The process for using statistical inference to establish personalized treatment strategies requires specific techniques for data-analysis that optimize the combination of competing therapies with candidate genetic features and characteristics of the patient and disease. A wide variety of methods have been developed. However, heretofore the usefulness of these recent advances has not been fully recognized by the oncology community, and the scope of their applications has not been summarized. In this paper, we provide an overview of statistical methods for establishing optimal treatment rules for personalized medicine and discuss specific examples in various medical contexts with oncology as an emphasis. We also point the reader to statistical software for implementation of the methods when available.

Cancer is a set of diseases characterized by cellular alterations the complexity of which is defined at multiple levels of cellular organization [

In oncology, biomarkers are typically classified as either predictive or prognostic. Prognostic biomarkers are correlates for the extent of disease or extent to which the disease is curable. Therefore, prognostic biomarkers impact the likelihood of achieving a therapeutic response regardless of the type of treatment. By way of contrast, predictive biomarkers select patients who are likely or unlikely to benefit from a particular class of therapies [

Statistically, predictive associations are identified using models with an interaction between a candidate biomarker and targeted therapy [

In this paper, we provide an overview of statistical methods for establishing optimal treatment rules for personalized medicine and discuss specific examples in various medical contexts with oncology as an emphasis. We also point the reader to statistical software when available. The various approaches enable investigators to ascertain the extent to which one should expect a new untreated patient to respond to each candidate therapy and thereby select the treatment that maximizes the expected therapeutic response for the specific patient [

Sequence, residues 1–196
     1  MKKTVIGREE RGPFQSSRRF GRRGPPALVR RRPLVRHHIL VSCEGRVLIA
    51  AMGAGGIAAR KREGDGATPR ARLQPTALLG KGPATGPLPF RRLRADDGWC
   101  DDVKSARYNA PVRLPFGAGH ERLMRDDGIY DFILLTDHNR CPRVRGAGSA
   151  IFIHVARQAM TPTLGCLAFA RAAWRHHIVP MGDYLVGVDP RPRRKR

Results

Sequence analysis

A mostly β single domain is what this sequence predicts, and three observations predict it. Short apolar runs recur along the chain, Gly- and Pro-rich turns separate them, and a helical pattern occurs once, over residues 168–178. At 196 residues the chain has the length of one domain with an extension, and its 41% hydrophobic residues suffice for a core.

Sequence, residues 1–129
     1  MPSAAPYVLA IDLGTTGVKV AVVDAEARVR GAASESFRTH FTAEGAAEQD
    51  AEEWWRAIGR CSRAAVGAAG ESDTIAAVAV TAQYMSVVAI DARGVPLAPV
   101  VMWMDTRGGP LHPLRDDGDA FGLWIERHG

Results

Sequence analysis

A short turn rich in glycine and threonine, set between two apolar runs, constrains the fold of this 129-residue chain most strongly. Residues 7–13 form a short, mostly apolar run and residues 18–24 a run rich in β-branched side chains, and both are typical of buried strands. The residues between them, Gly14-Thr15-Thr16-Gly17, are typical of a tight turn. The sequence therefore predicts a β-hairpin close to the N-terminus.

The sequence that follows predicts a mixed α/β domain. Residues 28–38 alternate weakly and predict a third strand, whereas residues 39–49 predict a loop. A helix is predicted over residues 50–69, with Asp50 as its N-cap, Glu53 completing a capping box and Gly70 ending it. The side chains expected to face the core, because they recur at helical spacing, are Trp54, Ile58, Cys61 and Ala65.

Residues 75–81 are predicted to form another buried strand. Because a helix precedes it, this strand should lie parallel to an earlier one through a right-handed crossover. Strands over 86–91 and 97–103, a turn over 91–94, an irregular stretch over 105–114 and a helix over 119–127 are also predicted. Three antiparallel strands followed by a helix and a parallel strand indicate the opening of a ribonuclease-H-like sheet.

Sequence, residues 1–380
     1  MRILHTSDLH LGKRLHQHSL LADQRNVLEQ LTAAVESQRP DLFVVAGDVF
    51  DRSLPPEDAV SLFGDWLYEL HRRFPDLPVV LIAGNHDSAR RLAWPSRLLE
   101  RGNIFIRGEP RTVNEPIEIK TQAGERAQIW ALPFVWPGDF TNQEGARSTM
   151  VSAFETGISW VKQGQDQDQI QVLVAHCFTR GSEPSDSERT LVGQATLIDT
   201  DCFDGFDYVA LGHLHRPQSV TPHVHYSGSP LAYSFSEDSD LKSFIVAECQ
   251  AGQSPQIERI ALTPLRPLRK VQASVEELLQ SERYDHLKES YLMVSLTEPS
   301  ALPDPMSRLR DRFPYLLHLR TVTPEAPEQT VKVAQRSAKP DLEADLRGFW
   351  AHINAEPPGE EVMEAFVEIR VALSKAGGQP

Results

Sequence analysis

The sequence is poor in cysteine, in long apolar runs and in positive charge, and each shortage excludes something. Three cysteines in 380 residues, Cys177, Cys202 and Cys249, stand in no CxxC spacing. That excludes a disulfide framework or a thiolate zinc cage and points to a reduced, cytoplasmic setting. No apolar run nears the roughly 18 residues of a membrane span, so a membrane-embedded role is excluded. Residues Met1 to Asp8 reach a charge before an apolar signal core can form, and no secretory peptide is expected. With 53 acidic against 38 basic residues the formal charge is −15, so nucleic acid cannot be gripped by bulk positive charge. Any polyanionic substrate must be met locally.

Cancer is an inherently heterogeneous disease. Yet, often efforts to personalize therapy rely on the application of analysis strategies that neglect to account for the extent of heterogeneity intrinsic to the patient and disease and therefore are too reductive for personalizing treatment in many areas of oncology [

Though very useful when well planned and properly conducted, the reliance on subgroup analysis for developing personalized treatment has been criticized [

From a statistical perspective, personalized medicine is a process involving six fundamental steps provided in Figure

The process for using statistical inference to establish personalized treatment rules.

Individualized treatment rules are functions of model parameters (usually treatment contrasts reflecting differences in treatment effects) which must be estimated from the assumed statistical model and training data. Statistical estimation takes place in step 4. The topic is quite general, and it thus is not covered in detail owning to the fact that other authors have provided several effective expositions on model building strategies in this context [

The quality of a treatment rule depends on the aptness of the study design used to acquire the training data, clinical relevance of the primary endpoints, statistical analysis plans for model selection and inference, and quality of the data.

The predominate statistical challenge pertaining to the identification of predictive biomarkers is the high-dimensional nature of molecular derived candidate features. Classical regression models cannot be directly applied since the number of covariates, for example, genes, is much larger than number of samples. Many approaches have been proposed to analyze high-dimensional data for prognostic biomarkers. Section

In oncology, several endpoints are used to compare clinical effectiveness. However, the primary therapeutic goal is to extend survivorship or delay recurrence/progression. Thus, time-to-event endpoints are often considered to be the most representative of clinical effectiveness [